Now this is how you do an animated Marvel film.
Spider-Man aka Mile Morales (played by Shameik Moore) travels across the Multiverse, where he meets the Spider-Society—an organisation of multidimensional Spider-People charged with protecting its very existence. It's all fun-and-transdimensional games until Morales is confronted with the truth of his origins.
I didn't think that the sequel would improve on Spider-Man: Into the Spider-Verse but there you go. The film has equal parts action and a more intimate unpacking of the characters. Despite being 28, Shameik Moore, who voices Morales, nails that teenage register; there's that gung-ho front that's anchored with that adolescent uncertainty. We get to see the dynamics of the Morales and we are reminded about how we, as teenagers, tend to butt heads with our own parents and widen the generational gulf.
It's great to see Spider-Woman (Hailee Steinfeld) take her place in the spotlight. In the last chapter, we just got a quick recap of her origins—bitten by a radioactive spider; joined a band; saved her dad; couldn't save her best friend, Peter Parker—which gives us what we needed to know her in 30 seconds. For Across the Spider-Verse, we get more depth to her character and how she has to wrestle with her relationship with her policeman father, George Stacy (Shea Whigham), as a daughter and as the police's most-wanted vigilante, Spider-Woman.
The new antagonist, the Spot (Jason Schwartzman) goes against the mould of your classic Marvel villain and that's refreshing. This is a dude, who resorts to robbing ATMs because that's all he can do. He starts out as a wannabe crowing for Spider-Man's attention and eventually becomes worthy. There are cameos galore, especially, when we get to the Spider-Society. There, we meet the many versions of Spider-Man that range from the brooding Ben Reilly (Andy Samberg) to the happy-go-lucky Pavitr Prabhakar, there is not a wasted minute introducing each of the Spider-Person.
And the visuals... let hosannas ring around this eye candy. When Spider-Man: Into the Spider-Verse was released, critics crowed about their pushing the envelope in the animation field. With Across the Spider-Verse, the envelope is now pushed off the table, rolled down the hill and opened up to reveal the winner of next year's best-animated film. Eye-popping and ground-breaking, the art comes at you fast and furious. Each dimension and its characters come with their own style: Stacy's universe is more hand-painted with changing colours to reflect her emotions; Brown's universe is, according to the filmmakers, 'hand-cut, pasted, drawn, glued together' to evoke the DIY look of punk rock posters; O'Hara's world is like a 'Syd Mead-style illustration of what the future might look like'. These different styles give a more varied and believable layer to this world- I mean, universe-building.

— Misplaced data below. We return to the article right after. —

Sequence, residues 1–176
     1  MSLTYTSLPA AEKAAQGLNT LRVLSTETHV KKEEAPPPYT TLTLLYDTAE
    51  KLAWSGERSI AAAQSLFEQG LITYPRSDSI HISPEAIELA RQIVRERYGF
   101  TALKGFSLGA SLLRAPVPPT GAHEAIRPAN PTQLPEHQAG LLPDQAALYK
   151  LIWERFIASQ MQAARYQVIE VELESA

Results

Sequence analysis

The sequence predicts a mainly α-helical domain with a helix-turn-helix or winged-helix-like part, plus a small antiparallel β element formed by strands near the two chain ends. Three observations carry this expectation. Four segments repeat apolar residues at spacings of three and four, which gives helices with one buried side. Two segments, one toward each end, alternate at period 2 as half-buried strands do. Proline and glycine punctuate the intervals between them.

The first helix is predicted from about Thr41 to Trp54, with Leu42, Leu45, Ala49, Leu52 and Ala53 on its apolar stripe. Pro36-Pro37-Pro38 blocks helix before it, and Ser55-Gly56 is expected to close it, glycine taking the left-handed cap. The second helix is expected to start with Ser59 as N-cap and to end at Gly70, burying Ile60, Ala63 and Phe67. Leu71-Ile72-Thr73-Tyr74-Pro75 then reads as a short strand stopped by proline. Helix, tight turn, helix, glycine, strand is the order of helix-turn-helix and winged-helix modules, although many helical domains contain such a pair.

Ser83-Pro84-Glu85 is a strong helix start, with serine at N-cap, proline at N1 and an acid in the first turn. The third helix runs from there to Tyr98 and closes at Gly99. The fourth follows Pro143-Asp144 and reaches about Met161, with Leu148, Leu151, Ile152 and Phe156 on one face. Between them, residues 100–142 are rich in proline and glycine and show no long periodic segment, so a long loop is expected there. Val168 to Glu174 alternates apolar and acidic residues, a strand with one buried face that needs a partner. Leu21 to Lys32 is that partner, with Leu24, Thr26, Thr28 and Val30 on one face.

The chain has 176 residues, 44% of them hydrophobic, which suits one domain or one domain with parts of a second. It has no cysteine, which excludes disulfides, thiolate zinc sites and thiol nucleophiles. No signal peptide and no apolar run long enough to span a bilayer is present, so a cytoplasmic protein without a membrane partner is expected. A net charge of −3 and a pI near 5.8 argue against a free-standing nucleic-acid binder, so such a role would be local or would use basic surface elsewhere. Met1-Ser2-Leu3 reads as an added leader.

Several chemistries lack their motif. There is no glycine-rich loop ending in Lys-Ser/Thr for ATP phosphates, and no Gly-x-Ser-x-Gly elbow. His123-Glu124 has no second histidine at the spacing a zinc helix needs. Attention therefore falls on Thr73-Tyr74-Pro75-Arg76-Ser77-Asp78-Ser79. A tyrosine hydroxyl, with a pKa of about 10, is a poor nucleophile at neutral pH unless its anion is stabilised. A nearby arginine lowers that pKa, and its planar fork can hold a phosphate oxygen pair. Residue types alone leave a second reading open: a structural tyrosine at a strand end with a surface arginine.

Also, please more of Pavitr Prabhakar and lessons in grammatical redundancy:
No Spider-Man Noir? For shame!
There are a host of cameos at the Spider-Society, some as a one-note joke and others, surprising. Aside from the fire soundtrack and visual narrative touches, look out for the two narrative turns in the film: the first is a gut punch when we find out more about Morales' origin but the second twist sets up what's the come in the next chapter.
Then, there's the scene where the Spot travels to a real-world convenience store where he talks to the owner Mrs Lu (Peggy Lu). If you're like me and have wasted your time watching less-than-marvellous adaptations of anti-hero IP, you'd recognise the set from Venom and Venom: Let There Be Carnage.
Spider-Man: Across the Spider-Verse is now out in theatres.